The National Weather Service shows Anchorage area temperatures in October were 1.6 degrees below normal. During November and December, average temperatures were 4.5 degrees below normal, and March and April temperatures were 7 degrees below the statistical norm.
Burling says a low pressure system over mainland Alaska will hold for several more days.
“It does look at least through the short term here, at least through next week, we are going to be remaining in this colder pattern,” Burling said.
Burling says the forecast for Southcentral Alaska shows temperatures in the 40s and 50s,with a chance of late-season snow and temperatures in the high 20s or low 30s Friday or Saturday.
A man’s body was discovered in a van that was burning in the parking lot of a mid-town Anchorage restaurant Thursday night.
Karl Leroy Cox. Junior, 28, was reportedly living in the van. The van was not street legal. The investigation continues.
A child visiting a sled dog lot in Big Lake is hospitalized after a dog got loose and attacked her. The lot was Jake Berkowitz’s but there were other dogs boarding there as well.
Two-year-old Elin Shuck was with her mother tending to their dogs when another dog reportedly came after the child. Elin is reported in stable condition with serious injuries.
There was a fatality Friday on the Cat-train bringing supplies for the Susitna Dam studies at Stephan Lake Lodge.
A D-6 bulldozer fell through the ice and the driver died in the accident. He is identified as Donald Kiehl, 72, of North Pole. Kiehl was retrieved from the lake and individuals on scene attempted CPR on Kiehl but he was unable to be resuscitated.
Wayne Dyok of the Alaska Energy Authority, says the decisions about transportation were up to the contractor, Alaska Diversified Services.
“You have a very capable crew here, and bottom line here is it’s their expertise, and I believe they felt it was safe to do so,” Dyok said. ”So, we need to take a step back here, look at the investigation, let that unfold and then go from there.”
State Troopers got in by helicopter. Investigation continues.
The eleven page document frequently mentions the Arctic as a region free of conflict and the country’s desire to keep it that way.
The plan lays out three arcing “lines of interest” – to advance U.S. security, pursue responsible Arctic stewardship and to strengthen international cooperation.
Luke Coffey, a fellow at the D.C. based Heritage Foundation, called the strategy welcome news, albeit a bit late.
He cautioned the strategy is very forward looking; it lays out guidelines for future oil and gas exploration and shipping lines.
He said only46 vessels traversed the Northern Sea Route last year.
“Compare that to the 20,000 ships that traveled through the Gulf of Aden off the Horn of Africa,” he said Friday afternoon. “So we are still a long before we start seeing the maritime volume that we’re seeing in some of the warmer climates around the world.”
The strategy says the United States needs to accede to the United Nations Law of the Sea Treaty; something Coffey disputes. He said the country can operate in the Arctic, alongside other sovereign Arctic nations, without signing on to the international agreement.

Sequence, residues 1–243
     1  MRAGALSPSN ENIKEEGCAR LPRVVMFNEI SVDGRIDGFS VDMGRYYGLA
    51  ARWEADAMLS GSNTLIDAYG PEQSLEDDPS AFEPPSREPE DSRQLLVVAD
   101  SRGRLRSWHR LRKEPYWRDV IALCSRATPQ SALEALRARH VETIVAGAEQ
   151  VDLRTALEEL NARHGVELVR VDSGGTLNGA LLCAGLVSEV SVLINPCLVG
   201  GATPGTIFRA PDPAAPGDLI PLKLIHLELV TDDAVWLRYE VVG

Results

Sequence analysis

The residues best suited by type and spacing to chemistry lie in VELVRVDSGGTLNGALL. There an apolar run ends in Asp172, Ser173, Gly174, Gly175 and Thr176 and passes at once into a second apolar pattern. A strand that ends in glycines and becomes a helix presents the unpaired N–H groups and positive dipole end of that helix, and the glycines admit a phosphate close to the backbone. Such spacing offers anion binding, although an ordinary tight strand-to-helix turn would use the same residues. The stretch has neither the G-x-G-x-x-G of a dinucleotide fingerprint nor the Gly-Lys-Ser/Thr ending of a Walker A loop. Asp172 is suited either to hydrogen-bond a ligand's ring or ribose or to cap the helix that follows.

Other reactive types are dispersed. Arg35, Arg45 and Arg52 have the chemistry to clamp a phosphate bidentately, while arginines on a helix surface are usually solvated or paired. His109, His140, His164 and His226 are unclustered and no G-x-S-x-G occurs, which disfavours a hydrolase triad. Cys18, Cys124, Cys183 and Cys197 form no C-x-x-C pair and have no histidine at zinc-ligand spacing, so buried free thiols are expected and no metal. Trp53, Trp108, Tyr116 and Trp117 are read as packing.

The U.S. is the only Arctic nation that has not agreed to the treaty.
While the strategy explicitly says security is the number one priority, much of the text focuses on future energy exploration.
Michael LeVine, a lawyer with Oceana in Juneau,said both this administration and the previous one led by President George W. Bush have prioritized oil exploration over the environment.
And while he welcomed commitments to combat climate change, LeVine said it’s tough to balance those promises with promises to continue oil drilling.
“We hope, that moving forward, this administration will stick to its commitment of getting good science and to be prepared before industrial activities are allowed,” he said.
That’s a dig at Shell, which was allowed to proceed with some of its drilling plans despite not having working spill prevention measures.
The strategy says the federal government will cooperate with the state and consult with tribes – which is already policy.
“If they don’t I’m going to be raising a little bit of noise here,” said former North Slope Borough Mayor Edward Itta.
Itta, now a member of U.S. Arctic Research Commission, said the new guidelines are a good first start, but it’s just that. There still needs to be concrete plans developed.
“I’m still somewhat skeptical – until the funding is going to accompany whatever priorities or programs are identified,” he said.
Government officials will travel to Alaska this summer to hold listening sessions and to ask for input on the new policies.
One policy may get lots of attention in the state: Without listing any country in particular, the strategy says the United States should work with other non-Arctic countries that show an interest in the region.
No doubt those countries will have an interest in the vast resource supply.
The Pribilof Islands of St. Paul and St. George are just 45 miles apart, but getting between them can be challenging because of limited flight service, and the area’s notoriously foggy weather. This summer, a regional community development group is hoping to solve that problem by contracting a ferry to run between the islands. But, finding a suitable vessel has proved challenging.